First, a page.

Runners up in Philadelphia seem to have escaped early on Saturday when cable drivers could refuse a service after a long-term rally that met a strong challenge from anti-grain activists – he will say.
Around two dozen people appeared to attend "Rally We the People", which aimed to collect the churches that were known as "a silent majority" to stand against to the left. The event involving senior invasion and at least two Proud Boys, a group of violent victims led by former co-founder of Gavin McInnes, and members of the three mediators, natural natural militia. (McInnes is not connected to the Earl more)
"This event is for all Patriots, Militia, 3%, constitution to host Americans, and provide a good chop, pro ICE, for law and order, professor, American value pro, gun and illegal immigrants, "the event's description of Facebook's Facebook reads" Will you stand with us? THE T-AM IS A & # 39; EXAMINATION WHAT HAS MAKES HAPPY! "
While the attackers were to Holding the rally, on the other side of a police barricade, there were hundreds of racist activists who sang "Go home assholes" and they kept signs that read "Make Racists Afraid Again".
After the rally, attendees at the "We the People" rally tried to " collection with cabs and Ubers. But as Deputy Convener Tess Owen said, they did not welcome them:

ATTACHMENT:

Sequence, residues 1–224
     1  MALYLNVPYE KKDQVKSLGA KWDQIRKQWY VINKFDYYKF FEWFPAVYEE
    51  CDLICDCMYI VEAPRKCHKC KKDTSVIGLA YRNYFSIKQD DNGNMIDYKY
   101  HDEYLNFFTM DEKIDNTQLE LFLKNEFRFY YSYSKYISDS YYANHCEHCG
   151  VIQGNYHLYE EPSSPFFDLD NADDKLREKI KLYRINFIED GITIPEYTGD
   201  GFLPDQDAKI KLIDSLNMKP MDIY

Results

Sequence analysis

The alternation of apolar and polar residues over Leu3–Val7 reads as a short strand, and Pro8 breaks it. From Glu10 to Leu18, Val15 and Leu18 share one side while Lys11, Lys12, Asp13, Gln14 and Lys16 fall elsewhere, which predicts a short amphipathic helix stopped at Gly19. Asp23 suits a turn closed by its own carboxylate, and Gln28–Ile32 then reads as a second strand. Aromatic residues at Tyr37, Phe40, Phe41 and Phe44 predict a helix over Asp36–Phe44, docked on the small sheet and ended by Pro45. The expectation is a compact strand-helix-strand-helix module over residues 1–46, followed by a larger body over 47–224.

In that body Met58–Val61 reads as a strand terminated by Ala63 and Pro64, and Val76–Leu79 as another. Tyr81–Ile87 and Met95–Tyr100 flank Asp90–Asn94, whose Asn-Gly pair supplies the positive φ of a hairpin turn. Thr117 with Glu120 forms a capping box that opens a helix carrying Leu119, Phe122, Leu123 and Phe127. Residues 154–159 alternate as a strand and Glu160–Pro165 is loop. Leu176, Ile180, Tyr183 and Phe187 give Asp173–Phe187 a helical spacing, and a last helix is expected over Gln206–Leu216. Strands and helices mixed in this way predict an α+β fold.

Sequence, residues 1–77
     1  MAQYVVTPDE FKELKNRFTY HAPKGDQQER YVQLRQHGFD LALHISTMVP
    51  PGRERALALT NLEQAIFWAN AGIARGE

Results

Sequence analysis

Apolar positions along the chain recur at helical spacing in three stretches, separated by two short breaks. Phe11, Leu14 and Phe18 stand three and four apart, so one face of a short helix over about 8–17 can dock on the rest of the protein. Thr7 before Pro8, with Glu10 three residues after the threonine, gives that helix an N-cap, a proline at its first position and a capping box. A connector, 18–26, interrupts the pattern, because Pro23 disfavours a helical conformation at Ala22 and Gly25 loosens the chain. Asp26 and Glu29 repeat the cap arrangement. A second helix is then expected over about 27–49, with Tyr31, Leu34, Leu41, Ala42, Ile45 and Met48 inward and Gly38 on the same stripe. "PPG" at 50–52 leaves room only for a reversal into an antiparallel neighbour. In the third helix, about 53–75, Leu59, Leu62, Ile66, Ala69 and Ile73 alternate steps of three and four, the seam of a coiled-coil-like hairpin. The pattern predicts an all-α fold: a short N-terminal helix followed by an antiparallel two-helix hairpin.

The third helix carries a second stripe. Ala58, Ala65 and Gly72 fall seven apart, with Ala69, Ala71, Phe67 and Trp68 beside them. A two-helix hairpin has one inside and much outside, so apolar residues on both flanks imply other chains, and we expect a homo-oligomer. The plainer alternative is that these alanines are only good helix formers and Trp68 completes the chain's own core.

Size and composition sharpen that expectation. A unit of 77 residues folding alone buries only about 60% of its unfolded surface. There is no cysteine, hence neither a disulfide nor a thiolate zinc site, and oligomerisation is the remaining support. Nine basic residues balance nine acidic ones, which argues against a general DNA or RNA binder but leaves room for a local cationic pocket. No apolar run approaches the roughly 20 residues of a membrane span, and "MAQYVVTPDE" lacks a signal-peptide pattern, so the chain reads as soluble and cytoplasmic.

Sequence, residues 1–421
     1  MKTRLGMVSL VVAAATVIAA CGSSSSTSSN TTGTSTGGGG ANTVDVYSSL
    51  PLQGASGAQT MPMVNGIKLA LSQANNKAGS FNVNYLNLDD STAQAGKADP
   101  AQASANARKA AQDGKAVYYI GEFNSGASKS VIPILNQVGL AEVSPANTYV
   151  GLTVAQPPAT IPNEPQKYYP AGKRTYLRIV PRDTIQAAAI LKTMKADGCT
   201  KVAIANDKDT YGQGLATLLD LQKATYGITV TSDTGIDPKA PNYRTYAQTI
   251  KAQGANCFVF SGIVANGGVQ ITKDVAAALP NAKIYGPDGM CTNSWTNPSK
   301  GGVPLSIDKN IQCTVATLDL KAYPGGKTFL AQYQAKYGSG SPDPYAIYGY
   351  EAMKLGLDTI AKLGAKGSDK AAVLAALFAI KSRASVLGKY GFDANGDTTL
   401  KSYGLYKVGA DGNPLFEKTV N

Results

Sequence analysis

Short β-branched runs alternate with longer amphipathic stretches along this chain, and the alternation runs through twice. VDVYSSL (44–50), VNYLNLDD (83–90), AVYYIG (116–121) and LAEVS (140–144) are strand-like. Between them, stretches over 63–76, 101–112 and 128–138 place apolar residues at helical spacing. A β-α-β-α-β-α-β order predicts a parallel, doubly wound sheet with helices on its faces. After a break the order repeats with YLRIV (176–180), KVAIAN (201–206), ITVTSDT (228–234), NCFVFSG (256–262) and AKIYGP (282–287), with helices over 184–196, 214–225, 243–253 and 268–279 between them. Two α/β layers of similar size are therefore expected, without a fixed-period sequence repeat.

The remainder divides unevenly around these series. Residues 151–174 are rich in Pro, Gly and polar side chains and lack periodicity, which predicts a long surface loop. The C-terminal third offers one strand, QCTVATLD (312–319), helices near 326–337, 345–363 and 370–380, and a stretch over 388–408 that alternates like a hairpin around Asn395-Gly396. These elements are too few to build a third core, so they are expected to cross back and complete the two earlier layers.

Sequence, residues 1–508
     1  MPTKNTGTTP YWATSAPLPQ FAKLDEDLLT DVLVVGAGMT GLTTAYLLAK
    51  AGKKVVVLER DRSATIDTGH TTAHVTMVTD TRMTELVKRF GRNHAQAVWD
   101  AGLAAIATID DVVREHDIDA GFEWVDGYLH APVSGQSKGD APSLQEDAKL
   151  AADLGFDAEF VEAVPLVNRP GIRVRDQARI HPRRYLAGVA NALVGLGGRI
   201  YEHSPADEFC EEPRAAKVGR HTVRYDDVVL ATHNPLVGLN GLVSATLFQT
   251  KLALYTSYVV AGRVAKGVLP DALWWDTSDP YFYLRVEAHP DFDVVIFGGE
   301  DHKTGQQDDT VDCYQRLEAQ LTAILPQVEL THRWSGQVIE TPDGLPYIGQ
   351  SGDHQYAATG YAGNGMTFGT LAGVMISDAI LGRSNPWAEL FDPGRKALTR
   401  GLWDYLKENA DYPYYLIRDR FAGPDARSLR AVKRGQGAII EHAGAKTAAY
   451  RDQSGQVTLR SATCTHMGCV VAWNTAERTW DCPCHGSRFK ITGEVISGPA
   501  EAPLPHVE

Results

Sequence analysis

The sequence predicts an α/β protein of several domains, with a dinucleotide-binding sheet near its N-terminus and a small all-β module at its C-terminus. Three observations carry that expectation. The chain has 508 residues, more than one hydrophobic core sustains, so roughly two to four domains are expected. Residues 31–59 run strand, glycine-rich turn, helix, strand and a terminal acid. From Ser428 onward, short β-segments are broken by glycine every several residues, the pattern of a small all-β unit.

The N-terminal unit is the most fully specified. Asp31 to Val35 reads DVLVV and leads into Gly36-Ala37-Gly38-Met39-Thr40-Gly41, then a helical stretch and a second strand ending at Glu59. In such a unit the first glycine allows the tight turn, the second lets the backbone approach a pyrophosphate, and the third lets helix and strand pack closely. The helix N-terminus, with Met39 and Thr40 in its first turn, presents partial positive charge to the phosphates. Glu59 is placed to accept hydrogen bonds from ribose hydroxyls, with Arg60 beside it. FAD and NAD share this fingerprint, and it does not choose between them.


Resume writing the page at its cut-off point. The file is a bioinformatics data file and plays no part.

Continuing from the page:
Gwen Snyder, a Philadelphia businesswoman, said on Twitter that these cab and youth campaigns were a "refusal" service for the "We the People" attendants because the anti-militant campaigners informing the drivers of the politics on what they would get.
"A cop was at risk of showing us all if we keep drivers telling their fares being nazies," Snyder sent a tweet.
It is not clear whether anti-racist campaigners are trying to get a taxi or a trip at a Saturday event. The police of Philadelphia did not immediately respond to HuffPost's request to comment on Snyder's claim that there was a threat against clan chiefs.
The Proud Boys were beaten earlier this week when a member of Andrew Kovalic was fired from his work for Comcast for ten years after he had shown that he was part of the superstition movement.
"There is no place for misbehaving behavior, invasion of our culture," said the company to the Philadelphia magazine. "The person has not been recruited by Comcast."